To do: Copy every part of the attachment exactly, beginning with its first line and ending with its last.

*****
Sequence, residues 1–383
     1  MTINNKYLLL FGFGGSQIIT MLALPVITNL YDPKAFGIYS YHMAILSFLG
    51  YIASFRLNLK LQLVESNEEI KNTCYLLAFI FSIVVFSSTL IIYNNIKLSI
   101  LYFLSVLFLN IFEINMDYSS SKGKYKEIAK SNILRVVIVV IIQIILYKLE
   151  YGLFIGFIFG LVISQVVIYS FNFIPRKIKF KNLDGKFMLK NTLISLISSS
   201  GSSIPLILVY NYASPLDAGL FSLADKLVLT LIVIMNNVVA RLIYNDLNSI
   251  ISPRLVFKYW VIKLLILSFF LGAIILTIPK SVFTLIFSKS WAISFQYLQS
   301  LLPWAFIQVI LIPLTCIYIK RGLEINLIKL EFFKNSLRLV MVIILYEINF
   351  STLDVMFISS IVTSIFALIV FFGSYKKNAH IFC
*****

Sequence, residues 1–383
     1  MTINNKYLLL FGFGGSQIIT MLALPVITNL YDPKAFGIYS YHMAILSFLG
    51  YIASFRLNLK LQLVESNEEI KNTCYLLAFI FSIVVFSSTL IIYNNIKLSI
   101  LYFLSVLFLN IFEINMDYSS SKGKYKEIAK SNILRVVIVV IIQIILYKLE
   151  YGLFIGFIFG LVISQVVIYS FNFIPRKIKF KNLDGKFMLK NTLISLISSS
   201  GSSIPLILVY NYASPLDAGL FSLADKLVLT LIVIMNNVVA RLIYNDLNSI
   251  ISPRLVFKYW VIKLLILSFF LGAIILTIPK SVFTLIFSKS WAISFQYLQS
   301  LLPWAFIQVI LIPLTCIYIK RGLEINLIKL EFFKNSLRLV MVIILYEINF
   351  STLDVMFISS IVTSIFALIV FFGSYKKNAH IFC